Pet peeves

One of the perks of getting older is the constitutionally guaranteed right to complain about how all the good things in one's daily life are changing, and not (often) for the better.

I can clearly remember my father, a dedicated fan of Wagner, Verdi, Caruso, always called the great Caruso, and Irish tenor John McCormack, going off on me (as the kids say) for listening to the Beatles and the Rolling Stones. He implied that my brain was suspect and my hearing would soon be faulty.

Since I remembered those days, and also could recall the feeling of pity I had then for the old man, so out of touch by my lights, I refrained from saying too much when, during my single-parenting days in the mid-'90s, my daughters discovered rap.

But I remember thinking those nasty thoughts that must have been the children of my father's ideas the first time he heard "Satisfaction" or "She Loves You."

Such as: "My God, I've raised ignorant, tone-deaf mutants."

I've written this rather long preamble as an excuse if you think what follows sounds slightly crusty. I'd rather you blame my age than my brainpower.

But ...

Anyone who walks as much as I do in and around Lower Queen Anne knows that being a pedestrian is harder in this day of the inalienable right to bear a cell phone while blindly piloting a German staff car disguised as a suburban (Dachau?) utility vehicle than it ever was before.

I've so far avoided personal catastrophe for a variety of reasons:

1) I can still run.

2) I can back up almost as fast as the younger Ali could.

3) I almost never forget to wait, not only for the yellow light but now also for the red - many of you no longer stop before turning right (or left) on red.

4) I've been lucky.

Anyone crossing Roy Street on the west side of First, by the defunct McDonald's, or one block west, where Roy feeds two ways into Queen Anne Avenue, knows I speak the unvarnished, old-school truth.

Someone will be killed there. Someone doddering, or inattentive, who is crossing on the walk light, totally in the right but, because of distracted, aggressive driving, totally in the wrong place at the wrong time.

You folks who are not looking, or worse, screaming at pedestrians because you want to turn right, or left, on red without stopping, ought to be ticketed, or worse.

The middle-aged fatboy in the silver Corvette who almost hit me at Roy and First, while turning left on red without stopping, then waved angrily at me to move when I stood in the crosswalk and gently tried to coax him out of his midlife-crisis-mobile - a plea he resisted, but didn't respond to until he was a block away, when he finally unsheathed his middle finger - will eventually kill or maim someone on the way to his fifth meal or sixth drink of the day.

But he's no worse than the tiny, beauteous, booth-tanned woman who could barely see over the steering wheel of her luxury SUV, and wasn't looking anyway because she was animatedly talking on a cell phone as she turned left on red, off Roy and onto Queen Anne Avenue, narrowly missing a very old woman in the crosswalk.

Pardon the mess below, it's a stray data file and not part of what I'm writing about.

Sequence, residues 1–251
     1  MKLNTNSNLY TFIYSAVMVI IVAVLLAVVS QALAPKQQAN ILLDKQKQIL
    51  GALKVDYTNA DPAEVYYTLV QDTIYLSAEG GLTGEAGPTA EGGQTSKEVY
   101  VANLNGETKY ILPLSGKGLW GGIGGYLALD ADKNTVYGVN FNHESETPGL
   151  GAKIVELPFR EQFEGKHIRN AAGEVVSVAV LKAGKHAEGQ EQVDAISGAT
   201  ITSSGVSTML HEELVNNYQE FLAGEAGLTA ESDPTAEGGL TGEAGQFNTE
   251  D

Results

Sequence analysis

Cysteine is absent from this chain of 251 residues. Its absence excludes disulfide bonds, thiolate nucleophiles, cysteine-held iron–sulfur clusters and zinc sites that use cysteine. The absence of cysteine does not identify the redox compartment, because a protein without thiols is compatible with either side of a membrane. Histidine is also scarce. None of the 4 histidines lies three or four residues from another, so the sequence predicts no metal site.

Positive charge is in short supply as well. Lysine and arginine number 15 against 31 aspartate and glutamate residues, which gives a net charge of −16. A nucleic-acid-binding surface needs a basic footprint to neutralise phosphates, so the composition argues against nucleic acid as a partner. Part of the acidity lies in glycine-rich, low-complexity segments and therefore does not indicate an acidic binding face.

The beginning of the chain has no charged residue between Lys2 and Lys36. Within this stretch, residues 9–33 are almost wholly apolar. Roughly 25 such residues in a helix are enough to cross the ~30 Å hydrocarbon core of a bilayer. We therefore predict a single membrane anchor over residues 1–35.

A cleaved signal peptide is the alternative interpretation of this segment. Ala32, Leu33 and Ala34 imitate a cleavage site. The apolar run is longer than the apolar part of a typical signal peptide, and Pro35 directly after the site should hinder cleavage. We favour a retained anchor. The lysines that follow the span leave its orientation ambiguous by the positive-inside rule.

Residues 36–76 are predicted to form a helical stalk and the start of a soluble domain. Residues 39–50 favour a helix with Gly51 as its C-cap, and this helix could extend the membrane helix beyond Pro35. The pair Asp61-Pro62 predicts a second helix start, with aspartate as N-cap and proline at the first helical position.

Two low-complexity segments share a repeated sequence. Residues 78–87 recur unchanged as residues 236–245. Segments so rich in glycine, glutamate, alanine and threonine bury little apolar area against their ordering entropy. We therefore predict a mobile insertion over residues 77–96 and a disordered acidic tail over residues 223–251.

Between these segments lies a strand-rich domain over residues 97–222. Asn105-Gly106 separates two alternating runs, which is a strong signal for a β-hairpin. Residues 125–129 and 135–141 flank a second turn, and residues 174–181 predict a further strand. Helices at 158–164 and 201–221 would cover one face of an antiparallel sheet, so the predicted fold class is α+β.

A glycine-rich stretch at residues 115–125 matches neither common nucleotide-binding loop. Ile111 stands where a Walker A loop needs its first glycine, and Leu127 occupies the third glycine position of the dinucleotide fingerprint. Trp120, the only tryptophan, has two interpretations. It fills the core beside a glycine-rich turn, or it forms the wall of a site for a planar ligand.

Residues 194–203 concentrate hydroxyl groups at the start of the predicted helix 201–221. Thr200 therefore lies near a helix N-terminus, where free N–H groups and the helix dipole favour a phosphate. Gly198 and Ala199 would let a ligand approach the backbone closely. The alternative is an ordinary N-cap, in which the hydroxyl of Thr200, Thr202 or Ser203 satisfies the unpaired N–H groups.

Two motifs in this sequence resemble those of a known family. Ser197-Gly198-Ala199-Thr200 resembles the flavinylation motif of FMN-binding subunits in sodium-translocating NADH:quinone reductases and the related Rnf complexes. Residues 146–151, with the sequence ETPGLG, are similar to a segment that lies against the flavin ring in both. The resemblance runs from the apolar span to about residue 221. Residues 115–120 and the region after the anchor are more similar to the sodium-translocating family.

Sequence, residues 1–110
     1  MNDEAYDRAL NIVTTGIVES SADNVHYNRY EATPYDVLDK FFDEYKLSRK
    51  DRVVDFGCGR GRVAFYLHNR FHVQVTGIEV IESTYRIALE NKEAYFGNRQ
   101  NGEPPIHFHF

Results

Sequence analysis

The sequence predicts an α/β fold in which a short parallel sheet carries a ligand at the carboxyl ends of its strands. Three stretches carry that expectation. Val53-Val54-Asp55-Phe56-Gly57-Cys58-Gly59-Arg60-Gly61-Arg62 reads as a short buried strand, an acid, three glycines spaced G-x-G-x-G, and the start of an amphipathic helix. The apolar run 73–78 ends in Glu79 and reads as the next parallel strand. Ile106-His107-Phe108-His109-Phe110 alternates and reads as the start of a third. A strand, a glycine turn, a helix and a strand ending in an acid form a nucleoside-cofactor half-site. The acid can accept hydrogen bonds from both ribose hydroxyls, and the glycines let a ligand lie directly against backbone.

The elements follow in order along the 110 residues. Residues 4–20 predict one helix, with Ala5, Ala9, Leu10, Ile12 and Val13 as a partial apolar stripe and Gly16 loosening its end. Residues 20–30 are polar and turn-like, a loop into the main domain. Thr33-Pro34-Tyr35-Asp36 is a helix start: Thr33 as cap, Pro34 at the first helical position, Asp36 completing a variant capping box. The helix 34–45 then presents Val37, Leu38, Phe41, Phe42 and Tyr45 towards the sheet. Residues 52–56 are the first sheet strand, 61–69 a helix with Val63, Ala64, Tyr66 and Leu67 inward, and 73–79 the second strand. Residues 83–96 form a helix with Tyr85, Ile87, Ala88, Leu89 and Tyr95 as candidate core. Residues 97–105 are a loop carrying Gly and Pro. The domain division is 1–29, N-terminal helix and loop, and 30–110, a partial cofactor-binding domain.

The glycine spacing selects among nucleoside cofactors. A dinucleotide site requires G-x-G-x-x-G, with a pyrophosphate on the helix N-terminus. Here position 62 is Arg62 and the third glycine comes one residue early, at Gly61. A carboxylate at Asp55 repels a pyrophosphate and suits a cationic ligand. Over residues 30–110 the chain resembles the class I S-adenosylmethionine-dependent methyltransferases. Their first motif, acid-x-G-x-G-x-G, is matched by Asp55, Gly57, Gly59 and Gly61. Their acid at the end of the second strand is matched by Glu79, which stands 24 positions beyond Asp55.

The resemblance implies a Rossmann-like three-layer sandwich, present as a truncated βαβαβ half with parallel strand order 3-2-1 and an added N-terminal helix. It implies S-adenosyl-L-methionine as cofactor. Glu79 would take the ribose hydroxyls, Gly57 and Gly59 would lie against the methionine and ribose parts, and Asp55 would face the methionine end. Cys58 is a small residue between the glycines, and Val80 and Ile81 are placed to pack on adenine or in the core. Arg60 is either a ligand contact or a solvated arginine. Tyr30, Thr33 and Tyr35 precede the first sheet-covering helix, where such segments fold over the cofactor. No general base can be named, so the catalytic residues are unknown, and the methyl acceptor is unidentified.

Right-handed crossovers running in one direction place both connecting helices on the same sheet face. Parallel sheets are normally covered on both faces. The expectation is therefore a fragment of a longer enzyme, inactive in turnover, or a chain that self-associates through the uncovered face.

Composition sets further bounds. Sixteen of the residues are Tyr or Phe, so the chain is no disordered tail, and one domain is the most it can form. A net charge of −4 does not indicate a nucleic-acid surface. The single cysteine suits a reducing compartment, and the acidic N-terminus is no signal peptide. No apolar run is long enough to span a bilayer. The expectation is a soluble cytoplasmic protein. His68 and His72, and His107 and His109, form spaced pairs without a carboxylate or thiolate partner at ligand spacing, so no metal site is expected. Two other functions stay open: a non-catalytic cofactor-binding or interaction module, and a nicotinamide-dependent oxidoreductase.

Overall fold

I was sitting at Ladro having coffee and watching the close calls that day.

The almost-victim was an elderly lady often seen in the neighborhood; she was dragging her half-empty little metal grocery carrier behind her. After her near-miss, the old lady might have stood in the street, rooted by terror, for the rest of the day, except for the nice young guy sipping a latte two chairs down from me. He went into the street and walked the shaken granny across to the safety (sorta) of dry sidewalk.

Drivers are worse here than they were 10 years ago.

More aggresive. Less attentive.

It's a fact, not a discussion point.

Yellow no longer means caution. It means speed up before the light turns red.

And turning on red no longer requires a stop and look around.

Ask anyone who walks.

Surveys and studies out of Canada - you know, the place where even poor people get medical care - show that cell phone users cause 25 percent more auto accidents than people driving without feeling the need to tell folks (via cell phone) they will see in two minutes anyway exactly where they are - "I'm at Mercer and Roy. I just missed running over some old woman who is too dumb to stay home and starve to death. Let's eat out tonight, honey. I feel like Ethiopian."

The lack of concern for the less fortunate, which allows government to cut health insurance to more than 50 million Americans with barely a protest from folks just like you, is seeping behind the wheel.

Climb out of your SUVs, turn off your cell phones, and walk around down here for a week or two if you don't believe this particular curmudgeon.

Do it before you run over somebody's granny.

And quit blowing your damn horn as soon as the light turns green.

The person in front of you who's not racing through the crosswalk is waiting for me to cross.

Leave her alone!

Freelance writer Dennis Wilken is a Lower Queen Anne resident.

You can reach him through

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